Two SIMS with 600GB each is only just enough!
Paul Martin replied:
This is really good to know. I suppose from EE’s point of view they have to make some difference in their plans to justify the difference in price between unlimited phone sims & broadband sims. The 12 device limit is a means to do this & to cover themselves as such with the regulator. I’m lucky enough when I signed up to have got the 1TB fair usage policy & will never reach it lol so no need to keep tabs on it. Thanks for the input 👍
Could you tell me the specific Micrtotic models, and a whether they are mounted outside with antennas?
Could you tell me the specific Mikrotic models, and a whether they are mounted outside with antennas?
They are called Mikrotik SXT LTE and also a CAT6 version.
On the CAT4 model i can get 120mbps, on the CAT6 i can get upto 180mbps.
They are self contained routers so you attahc them to your wall or pole outside and run a cable into the househttps://mikrotik.com/product/sxt_lte_kit
One thing to bear in mind is that they only have 100mbps NICS, so to achieve upto 200mbps speed (if you are really close to the EE mast) you need to bond the connection
Update – I signed up with EE mobile broadband a few months ago after I got to speak to someone at EE who actually knew what they were talking about. I’ve got an unlimited download year contract for under £30/month. I’ve kissed goodbye to an appalling fixed line with BT with under 2mb/s download and equally poor BT/Openreach customer service. Using a booster and external antenna, (weak signal inside, good outside – just less than1/2 mile from mast!). A small investment for a decent service. I get average EE speeds 15mb/s up and down (peaking at 23) and only a few brief issues with slow speed from the local mast that EE sorted quite quickly after I reported it to them. In big contrast to sloppy BT. All in all, pleased with EE mobile BB.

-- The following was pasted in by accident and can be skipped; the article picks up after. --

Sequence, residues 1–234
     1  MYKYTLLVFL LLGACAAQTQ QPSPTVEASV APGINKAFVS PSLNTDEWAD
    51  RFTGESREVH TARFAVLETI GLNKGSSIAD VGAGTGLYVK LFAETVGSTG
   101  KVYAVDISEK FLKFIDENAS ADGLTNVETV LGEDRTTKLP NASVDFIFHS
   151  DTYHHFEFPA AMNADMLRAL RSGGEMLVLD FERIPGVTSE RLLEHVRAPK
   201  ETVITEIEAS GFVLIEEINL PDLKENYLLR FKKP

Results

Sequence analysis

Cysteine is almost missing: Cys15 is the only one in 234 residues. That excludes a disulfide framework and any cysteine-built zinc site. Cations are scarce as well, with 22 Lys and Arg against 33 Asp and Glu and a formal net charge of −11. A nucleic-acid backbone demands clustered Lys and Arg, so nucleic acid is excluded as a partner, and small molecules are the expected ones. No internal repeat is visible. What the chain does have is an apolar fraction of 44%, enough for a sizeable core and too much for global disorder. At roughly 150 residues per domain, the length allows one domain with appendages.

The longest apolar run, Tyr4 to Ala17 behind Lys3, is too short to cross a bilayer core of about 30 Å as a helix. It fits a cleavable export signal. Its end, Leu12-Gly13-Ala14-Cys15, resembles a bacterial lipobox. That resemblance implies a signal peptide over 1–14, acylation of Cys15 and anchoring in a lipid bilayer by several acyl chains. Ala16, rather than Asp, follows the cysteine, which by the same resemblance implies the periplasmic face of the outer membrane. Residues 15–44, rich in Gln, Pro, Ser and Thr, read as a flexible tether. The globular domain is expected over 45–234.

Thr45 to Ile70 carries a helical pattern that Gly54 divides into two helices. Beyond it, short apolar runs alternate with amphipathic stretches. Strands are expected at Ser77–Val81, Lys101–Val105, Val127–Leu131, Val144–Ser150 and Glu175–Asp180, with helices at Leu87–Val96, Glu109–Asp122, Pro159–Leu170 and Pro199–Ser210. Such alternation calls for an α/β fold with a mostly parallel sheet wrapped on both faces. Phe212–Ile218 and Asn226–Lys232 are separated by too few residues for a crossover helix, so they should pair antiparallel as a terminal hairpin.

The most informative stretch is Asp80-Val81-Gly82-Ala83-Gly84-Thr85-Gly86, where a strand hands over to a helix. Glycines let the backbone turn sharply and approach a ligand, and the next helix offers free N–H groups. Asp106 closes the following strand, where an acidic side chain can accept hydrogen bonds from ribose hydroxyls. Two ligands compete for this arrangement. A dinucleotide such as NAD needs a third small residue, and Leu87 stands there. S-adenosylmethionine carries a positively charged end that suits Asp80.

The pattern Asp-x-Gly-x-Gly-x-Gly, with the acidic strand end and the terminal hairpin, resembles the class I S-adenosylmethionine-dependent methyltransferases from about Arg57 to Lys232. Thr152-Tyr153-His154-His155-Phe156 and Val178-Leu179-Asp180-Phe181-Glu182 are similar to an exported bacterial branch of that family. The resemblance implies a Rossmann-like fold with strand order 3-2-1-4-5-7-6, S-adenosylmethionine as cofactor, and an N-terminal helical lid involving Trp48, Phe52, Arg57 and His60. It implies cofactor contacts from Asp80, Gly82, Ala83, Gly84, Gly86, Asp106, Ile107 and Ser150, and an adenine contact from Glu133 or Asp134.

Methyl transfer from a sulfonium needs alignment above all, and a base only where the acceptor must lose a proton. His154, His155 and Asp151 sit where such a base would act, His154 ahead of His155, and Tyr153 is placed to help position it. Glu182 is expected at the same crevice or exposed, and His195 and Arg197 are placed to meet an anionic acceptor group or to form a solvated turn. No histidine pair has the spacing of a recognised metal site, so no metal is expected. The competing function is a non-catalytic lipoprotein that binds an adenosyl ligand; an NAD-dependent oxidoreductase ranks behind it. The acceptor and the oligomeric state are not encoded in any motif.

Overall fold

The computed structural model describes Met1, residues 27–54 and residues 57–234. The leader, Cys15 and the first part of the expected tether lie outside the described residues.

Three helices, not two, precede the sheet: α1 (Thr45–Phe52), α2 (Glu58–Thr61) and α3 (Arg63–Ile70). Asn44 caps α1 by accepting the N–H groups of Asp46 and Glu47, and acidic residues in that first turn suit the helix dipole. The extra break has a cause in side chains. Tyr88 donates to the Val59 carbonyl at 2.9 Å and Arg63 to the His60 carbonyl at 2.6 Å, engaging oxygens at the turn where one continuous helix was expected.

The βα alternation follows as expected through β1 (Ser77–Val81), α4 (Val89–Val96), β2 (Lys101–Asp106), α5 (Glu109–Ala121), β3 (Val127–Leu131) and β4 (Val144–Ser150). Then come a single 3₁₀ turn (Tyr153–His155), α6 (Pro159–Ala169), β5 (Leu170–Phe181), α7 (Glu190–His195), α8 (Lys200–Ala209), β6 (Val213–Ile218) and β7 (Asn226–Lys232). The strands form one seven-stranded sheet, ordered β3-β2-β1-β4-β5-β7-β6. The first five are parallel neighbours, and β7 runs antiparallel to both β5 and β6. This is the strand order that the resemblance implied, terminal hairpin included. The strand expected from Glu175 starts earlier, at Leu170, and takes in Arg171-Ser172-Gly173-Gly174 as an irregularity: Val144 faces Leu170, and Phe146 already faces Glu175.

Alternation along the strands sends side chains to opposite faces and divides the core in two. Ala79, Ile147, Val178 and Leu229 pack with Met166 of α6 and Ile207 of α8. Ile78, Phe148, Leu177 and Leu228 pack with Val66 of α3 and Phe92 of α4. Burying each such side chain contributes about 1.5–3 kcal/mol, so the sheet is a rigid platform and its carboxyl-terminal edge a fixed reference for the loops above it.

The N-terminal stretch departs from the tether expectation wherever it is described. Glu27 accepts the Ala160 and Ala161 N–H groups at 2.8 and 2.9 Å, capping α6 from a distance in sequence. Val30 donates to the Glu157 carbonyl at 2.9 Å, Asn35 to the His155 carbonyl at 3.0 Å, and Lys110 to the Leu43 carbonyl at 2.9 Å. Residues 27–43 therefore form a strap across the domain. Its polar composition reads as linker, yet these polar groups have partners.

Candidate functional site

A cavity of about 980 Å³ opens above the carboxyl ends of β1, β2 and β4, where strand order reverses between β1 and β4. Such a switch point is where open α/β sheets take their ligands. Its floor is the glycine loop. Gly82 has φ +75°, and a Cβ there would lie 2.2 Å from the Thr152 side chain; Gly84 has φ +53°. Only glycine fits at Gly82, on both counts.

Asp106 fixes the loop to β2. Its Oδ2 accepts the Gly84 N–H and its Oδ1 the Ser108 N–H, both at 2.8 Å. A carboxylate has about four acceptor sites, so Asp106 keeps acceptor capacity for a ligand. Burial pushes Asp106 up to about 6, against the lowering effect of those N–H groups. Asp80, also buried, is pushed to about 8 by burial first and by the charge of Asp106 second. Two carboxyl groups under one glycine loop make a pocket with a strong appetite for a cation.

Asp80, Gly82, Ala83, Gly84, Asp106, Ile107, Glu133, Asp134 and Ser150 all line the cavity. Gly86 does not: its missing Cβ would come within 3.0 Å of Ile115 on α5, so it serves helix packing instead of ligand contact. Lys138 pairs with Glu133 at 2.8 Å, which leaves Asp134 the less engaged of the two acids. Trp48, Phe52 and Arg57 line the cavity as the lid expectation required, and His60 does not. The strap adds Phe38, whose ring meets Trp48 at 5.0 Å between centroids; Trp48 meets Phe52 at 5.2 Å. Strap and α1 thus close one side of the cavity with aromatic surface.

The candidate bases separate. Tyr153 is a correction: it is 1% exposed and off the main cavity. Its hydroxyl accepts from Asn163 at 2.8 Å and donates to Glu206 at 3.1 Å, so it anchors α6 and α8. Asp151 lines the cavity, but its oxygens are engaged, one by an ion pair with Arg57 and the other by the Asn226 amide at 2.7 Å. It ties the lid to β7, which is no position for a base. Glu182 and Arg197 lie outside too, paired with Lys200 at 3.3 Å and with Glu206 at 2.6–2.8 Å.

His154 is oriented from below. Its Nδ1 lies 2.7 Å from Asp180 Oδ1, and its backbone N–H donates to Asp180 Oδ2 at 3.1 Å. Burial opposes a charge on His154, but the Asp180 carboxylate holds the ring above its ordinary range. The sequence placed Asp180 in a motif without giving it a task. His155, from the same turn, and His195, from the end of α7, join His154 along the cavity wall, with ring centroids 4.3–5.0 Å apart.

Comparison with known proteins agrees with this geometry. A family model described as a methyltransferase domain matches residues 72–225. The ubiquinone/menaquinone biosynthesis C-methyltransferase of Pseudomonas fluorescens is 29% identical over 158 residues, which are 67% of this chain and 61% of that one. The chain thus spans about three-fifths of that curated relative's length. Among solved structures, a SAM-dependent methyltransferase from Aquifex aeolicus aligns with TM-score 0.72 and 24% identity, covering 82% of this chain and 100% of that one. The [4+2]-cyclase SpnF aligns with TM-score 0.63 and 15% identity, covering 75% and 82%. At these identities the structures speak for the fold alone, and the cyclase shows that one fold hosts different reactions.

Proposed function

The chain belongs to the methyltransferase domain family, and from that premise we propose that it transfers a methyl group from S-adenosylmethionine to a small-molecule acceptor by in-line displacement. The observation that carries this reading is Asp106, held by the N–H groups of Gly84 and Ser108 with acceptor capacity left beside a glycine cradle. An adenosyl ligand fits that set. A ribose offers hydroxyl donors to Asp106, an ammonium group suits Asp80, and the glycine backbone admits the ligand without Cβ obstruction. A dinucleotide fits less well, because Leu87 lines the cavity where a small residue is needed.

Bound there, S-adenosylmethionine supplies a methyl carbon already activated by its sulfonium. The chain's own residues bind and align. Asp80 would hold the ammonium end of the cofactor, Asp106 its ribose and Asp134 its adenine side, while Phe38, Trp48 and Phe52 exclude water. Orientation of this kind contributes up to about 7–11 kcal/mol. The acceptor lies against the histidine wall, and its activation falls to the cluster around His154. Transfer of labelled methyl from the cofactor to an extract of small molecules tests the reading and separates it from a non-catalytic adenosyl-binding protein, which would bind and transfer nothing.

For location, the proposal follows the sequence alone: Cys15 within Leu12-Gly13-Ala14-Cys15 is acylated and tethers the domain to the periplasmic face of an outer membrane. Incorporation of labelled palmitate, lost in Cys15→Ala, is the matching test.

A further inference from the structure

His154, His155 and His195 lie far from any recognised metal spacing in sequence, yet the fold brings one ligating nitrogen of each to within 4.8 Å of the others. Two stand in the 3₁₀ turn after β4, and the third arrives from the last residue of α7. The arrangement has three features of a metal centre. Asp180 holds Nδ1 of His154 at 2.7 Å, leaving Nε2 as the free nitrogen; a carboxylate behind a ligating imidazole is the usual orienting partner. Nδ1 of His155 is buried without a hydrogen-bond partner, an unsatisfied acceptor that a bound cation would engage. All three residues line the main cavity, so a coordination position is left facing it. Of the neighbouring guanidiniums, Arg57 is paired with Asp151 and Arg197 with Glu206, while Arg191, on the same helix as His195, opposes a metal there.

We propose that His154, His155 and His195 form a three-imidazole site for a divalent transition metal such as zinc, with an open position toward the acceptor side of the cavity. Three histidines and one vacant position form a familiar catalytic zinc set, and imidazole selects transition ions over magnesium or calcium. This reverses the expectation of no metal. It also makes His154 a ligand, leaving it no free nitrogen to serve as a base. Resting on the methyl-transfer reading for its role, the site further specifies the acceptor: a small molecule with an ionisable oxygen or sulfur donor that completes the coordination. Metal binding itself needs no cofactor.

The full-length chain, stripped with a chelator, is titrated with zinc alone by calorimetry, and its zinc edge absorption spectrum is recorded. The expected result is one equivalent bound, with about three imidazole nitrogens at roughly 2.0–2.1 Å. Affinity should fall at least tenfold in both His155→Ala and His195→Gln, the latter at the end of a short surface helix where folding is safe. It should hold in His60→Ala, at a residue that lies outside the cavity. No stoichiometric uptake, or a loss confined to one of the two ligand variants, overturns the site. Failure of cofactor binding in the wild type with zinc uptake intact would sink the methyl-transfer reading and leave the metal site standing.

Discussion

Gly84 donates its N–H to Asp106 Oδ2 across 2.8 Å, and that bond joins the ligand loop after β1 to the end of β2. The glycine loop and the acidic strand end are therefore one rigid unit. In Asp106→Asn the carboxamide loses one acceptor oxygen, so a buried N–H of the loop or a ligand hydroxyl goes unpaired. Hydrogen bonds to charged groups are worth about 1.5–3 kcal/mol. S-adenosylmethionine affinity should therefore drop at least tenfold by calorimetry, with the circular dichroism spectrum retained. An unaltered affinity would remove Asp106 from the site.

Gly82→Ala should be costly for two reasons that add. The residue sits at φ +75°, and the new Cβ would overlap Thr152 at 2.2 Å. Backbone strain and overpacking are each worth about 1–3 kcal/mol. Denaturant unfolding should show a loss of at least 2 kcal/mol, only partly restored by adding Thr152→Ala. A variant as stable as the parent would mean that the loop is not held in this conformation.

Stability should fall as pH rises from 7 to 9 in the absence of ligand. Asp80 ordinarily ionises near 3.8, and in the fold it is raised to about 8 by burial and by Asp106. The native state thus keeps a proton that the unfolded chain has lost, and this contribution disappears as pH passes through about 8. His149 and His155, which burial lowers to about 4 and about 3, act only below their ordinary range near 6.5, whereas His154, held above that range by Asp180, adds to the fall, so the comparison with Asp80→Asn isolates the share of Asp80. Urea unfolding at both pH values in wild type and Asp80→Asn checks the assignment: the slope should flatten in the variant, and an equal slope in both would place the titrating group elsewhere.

Paul Martin replied:
Hi Mark, if you’re getting a good outdoor signal you might want to take a look at a Mikrotik LTE6 outdoor router. I can highly recommend & you may be able to avail of the carrier aggregation & seriously increase your speed further. It’s POE & subsequently no signal loss like other antennas. Worth taking a look at 🙂
I had a look at the Mikrotik device. I believe the maximum I would get out of the local EE mast would be around 25mb/s up and down. There’s a reported 35mb/s when I just checked on the web for EE but it sounds a little optimistic. I say this because at work they use EE mobile with a MIMO panel antenna. The mast is a similar, unobstructed distance away to where I live. When I took my tablet in and did speed tests they were in this region (25mb/s).
I did think about putting two log periodic antennas up and feeding the EE router to make use of more bands (if the local mast transmits other than the 1800Mhz band the amp is currently running on) to see if it improves it, but feel the advantage will be minimal.